In general terms we have put everything we have into Melo Farms, by developing pastures, acquiring equipment, operational loses, etc... This had put a lot of pressure on pent up items. The tractor will take up the majority of the funds, but each of these line items have become important to resolve in order to move forward.

Tractor – From a 'work' perspective this is the most important piece of equipment on the farm. It moves shelters, compost, snow; prepares pastures'; etc... As an example, we use about 2 tons of feed a week and from our silo it's moved to pasture and then into feeders. With the tractor, the feed buckets only need to be lifted once into the feeders. Without the tractor, the buckets are handled 3 times, which means Lynn is carrying 6 tons of feed a week! (which would be like hauling 1200 grocery bags) Beyond the physical challenge, we can't spend hours a day moving feed.
Truck Maintenance – The truck is number 2 on 'most important piece of equipment. It hauls pigs / chickens to and from the processor and of course hauls our freezers to market. The truck is approaching 200,000 miles, but is solid and warrants the repairs vs looking for a replacement.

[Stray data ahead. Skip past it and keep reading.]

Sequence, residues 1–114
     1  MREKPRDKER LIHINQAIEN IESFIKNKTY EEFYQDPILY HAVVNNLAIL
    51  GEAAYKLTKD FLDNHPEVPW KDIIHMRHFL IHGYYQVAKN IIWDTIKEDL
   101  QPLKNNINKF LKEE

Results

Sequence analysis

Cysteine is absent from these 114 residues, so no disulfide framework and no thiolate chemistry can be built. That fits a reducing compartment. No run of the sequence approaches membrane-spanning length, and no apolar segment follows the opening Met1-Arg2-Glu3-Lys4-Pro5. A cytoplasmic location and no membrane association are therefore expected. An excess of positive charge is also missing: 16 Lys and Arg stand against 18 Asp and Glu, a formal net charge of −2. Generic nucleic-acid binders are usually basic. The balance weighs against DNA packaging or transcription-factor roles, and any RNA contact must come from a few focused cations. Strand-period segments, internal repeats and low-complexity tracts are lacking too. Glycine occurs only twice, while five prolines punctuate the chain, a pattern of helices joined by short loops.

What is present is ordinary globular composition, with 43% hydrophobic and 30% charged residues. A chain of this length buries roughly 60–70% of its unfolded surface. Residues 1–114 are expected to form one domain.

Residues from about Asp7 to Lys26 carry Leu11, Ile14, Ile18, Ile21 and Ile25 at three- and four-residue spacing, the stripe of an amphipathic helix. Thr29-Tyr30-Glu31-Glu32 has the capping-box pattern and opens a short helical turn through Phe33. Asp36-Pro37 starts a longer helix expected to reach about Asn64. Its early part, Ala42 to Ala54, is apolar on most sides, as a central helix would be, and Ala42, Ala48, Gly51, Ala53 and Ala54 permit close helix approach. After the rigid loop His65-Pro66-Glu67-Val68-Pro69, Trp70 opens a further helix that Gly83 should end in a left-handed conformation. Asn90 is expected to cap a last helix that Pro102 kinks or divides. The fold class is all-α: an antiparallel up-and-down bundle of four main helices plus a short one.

Farm Materials – All of our shelters are built on the farm and we use as many recycled materials as possible. For the spring we have several pig shelters that need repairs and we need to build about six hoop houses. Other funds will go to chicken feeders, electric fence, post, etc...
Labor – The spring labor load is significant and getting someone local who can just dive in an knock out some of the repairs and construction is the only way we can hit our chicken start dates and get the pigs out of winter pasture.
Medical – We've pushed back on some 'repairs' :)
House Flooring – (see note below)